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Beware who you give your phone number

Publication Date: 4/11/2008

It is quite normal for some people  to give telephone numbers to those they are unfamiliar  with without the least concern.

King’ong’o Prison in Nyeri where convicts were found with mobile phones and cash. Inset: The message that the convicts sent to one of their victims. Photo/ PAUL WANJIRU

This oversight may have landed many unsuspecting Kenyans in the hands of notorious extortionist rings run by Kenya’s jail birds.

A police investigation into an incident in which a Nyeri businessman received numerous text messages and phone calls indicated that they emanated from one of the country’s penal institutions.

Prisons authorities in Nyeri are also likely to have unearthed the syndicate when they recently recovered wads of notes and a mobile phone from convicts being transferred to the prison.

Dreaded sect

The 32 convicts were moved from Naivasha Maximum Prison to the Nyeri prison, also commonly referred to as King’ong’o Prison.

The convicts, usually on death row, introduce themselves to their targets as members of the dreaded Mungiki sect and extort huge sums of money by warning their victims of dire consequences if they fail to comply.

Police sources say that hundreds of Kenyans may have fallen prey to the syndicate, which involves the use of anonymous text messages and phone calls ordering targets to meet the callers’ proxies at certain locations.

As a result, individuals may have been compelled to part with huge sums of money to escape the threats.

The sources also disclosed that the convicts spend the cash on lavish lifestyles, including orgies of parties where nyama choma, whisky, cigarettes and hard drugs, smuggled into the prison under the watch of cooperative prison warders.

Central Provincial Prisons commander Ambrose Ngare, while addressing the Press, said Sh20,000 and a mobile phone had been recovered from the transferred convicts.

He said this was the reason behind the riots witnessed at the prison last weekend.

Police sources indicated that several cases have been reported to the authorities by wealthy individuals who have received the “cooperate or else” messages.

According to the sources, the messages are prompt and usually demand that the victim meets with the prisoners’ proxy at a rendezvous. If they fail to do so, the callers warn, they will be beheaded.

The calls and text messages come at an irritating frequency, creating fear in them. The callers also warn their targets against reporting the issue to the authorities.

A Nyeri businessman, who requested anonymity, said he received calls and text messages last year from two different phone numbers asking him to meet “chairman”. They also warned him that they would come for his head if he failed to do so.

He said the anonymous callers introduced themselves as Mungiki, an outlawed murderous group that is known for beheading and mutilating their victims’ bodies.

One of the messages read: “Piga simu uongee na chairman ukikataa, tutafanya vile chairman wetu atakavyo tueleza.” (Call our chairman, if you don’t we shall execute his instructions).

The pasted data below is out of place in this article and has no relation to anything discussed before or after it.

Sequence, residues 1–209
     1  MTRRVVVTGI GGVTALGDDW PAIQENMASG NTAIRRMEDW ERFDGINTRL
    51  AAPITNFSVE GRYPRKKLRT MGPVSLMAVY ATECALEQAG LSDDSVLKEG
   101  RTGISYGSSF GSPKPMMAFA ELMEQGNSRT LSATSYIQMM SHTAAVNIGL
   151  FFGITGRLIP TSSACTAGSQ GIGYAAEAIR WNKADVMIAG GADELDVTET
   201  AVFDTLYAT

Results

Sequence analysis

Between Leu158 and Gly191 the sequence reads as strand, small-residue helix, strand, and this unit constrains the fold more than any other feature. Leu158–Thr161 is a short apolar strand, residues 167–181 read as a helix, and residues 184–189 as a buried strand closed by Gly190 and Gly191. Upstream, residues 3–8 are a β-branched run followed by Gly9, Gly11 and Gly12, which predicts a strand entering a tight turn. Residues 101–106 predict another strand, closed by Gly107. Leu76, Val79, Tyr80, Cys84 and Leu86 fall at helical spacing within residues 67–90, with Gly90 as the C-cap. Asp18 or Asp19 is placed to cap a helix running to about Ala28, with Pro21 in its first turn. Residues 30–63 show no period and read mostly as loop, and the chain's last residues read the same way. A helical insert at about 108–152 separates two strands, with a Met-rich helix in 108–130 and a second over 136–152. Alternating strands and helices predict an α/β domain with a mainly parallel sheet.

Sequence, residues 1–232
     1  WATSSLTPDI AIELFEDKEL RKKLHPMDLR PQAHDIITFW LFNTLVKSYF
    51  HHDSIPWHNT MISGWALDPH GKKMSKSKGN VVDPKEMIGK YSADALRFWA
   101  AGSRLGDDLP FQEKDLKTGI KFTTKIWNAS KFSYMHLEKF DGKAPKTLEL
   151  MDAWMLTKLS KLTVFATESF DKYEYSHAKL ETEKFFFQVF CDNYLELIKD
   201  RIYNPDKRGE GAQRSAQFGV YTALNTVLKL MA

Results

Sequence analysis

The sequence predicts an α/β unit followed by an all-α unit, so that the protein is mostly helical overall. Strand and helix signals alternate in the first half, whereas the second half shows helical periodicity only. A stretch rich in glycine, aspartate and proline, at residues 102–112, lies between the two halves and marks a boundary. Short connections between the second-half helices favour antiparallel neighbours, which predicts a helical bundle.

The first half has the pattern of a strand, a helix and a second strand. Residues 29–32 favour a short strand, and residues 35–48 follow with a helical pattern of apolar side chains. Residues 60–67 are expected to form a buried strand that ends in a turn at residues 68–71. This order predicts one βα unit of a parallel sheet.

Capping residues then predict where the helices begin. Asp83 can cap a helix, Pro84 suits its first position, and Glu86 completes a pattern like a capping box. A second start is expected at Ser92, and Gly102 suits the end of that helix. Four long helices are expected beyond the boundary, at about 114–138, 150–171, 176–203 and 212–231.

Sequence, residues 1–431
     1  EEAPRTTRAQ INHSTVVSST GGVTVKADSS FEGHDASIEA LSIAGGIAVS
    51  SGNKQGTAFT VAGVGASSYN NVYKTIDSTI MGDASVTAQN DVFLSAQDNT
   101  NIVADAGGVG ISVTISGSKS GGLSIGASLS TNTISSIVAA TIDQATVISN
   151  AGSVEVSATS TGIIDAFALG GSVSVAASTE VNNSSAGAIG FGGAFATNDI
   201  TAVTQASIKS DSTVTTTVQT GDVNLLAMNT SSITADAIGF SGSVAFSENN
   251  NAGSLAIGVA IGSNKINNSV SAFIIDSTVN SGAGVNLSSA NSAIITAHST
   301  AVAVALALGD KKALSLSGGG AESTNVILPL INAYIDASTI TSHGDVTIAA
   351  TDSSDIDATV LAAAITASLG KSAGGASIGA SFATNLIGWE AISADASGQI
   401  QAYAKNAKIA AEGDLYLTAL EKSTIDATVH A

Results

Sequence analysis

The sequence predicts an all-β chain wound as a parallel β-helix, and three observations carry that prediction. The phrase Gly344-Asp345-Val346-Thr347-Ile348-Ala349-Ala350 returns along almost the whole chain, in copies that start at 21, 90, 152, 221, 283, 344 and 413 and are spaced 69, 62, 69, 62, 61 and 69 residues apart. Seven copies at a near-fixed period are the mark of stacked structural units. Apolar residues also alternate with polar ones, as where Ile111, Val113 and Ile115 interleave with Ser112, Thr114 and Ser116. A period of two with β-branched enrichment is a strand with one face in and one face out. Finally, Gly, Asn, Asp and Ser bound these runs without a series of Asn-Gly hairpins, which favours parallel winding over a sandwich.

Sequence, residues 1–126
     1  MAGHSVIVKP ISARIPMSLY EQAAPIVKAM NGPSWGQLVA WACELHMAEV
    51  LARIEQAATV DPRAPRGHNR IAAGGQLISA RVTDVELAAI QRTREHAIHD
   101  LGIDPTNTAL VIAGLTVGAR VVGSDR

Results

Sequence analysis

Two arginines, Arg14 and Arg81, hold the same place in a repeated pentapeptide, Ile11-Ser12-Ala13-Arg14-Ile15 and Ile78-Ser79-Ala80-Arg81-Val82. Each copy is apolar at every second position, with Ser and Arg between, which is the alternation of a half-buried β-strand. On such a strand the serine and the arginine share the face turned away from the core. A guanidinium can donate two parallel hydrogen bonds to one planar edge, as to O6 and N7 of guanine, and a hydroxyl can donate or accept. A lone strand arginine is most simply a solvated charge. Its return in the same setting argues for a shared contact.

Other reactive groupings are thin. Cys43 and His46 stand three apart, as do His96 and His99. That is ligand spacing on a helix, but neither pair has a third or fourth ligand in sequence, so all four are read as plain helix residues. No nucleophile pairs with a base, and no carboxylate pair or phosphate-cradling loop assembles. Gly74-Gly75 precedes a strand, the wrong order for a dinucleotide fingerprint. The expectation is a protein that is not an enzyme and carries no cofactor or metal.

Kamiti link

He said he ignored their demands and  dared them to carry out their threats. “The callers soon gave up once they realised that I was not going to budge,” said the businessman.

He said he reported the matter to the police and through their investigations, they were able to trace the call to Kamiti Maximum Prison. “The number being used was traced to Kamiti Maximum Prison with the help of Safaricom,” he said.

Central Province criminal investigations officer Sebastian Ndaru said similar incidents indicated that convicts were in illegal possession of handsets, which they used to extort money from unsuspecting members of the public.

He said some of the most notorious offenders were those condemned to life sentences who, he said, felt that they had nothing to lose even if they were discovered by the authorities.

His prisons counterpart said the trend was rife at some of the maximum prisons across the country owing to a lax surveillance system, which allowed the convicts to gain access to drugs, cash and even mobile phones.

Mr Ngare said some of the convicts who caused mayhem at the Nyeri Prison were protesting against the exposure of the syndicate. “Some of them said they were unhappy with the transfer and demanded to be taken back to the Naivasha Maximum Prison,” the prisons official added.

Lose  positions

“Some of the complainants claimed they used to be wajumbes (prefects in the prisons) and feared they would lose their positions,” said the prisons official.

He said the inmates at the Nyeri Prison exhibited aggression, complaining of poor diet, dirty linen and at one point boycotted their sleeping wards.

Mr Ngare said he ordered his officers to use reasonable force to make the inmates go back to their wards and restore order.

The prison’s boss said in the course of the commotion, an inmate who had been serving a 10-year jail term for a sexual offence died, creating the impression that he might have been battered.

He later said that the inmate died of tuberculosis, adding that the warders were well trained to effectively handle rioting prisoners.


About SG

Secretary general of Chama Cha Mwananchi. This blog www.chamachamwananchi.wordpress.com, is based in Sweden.


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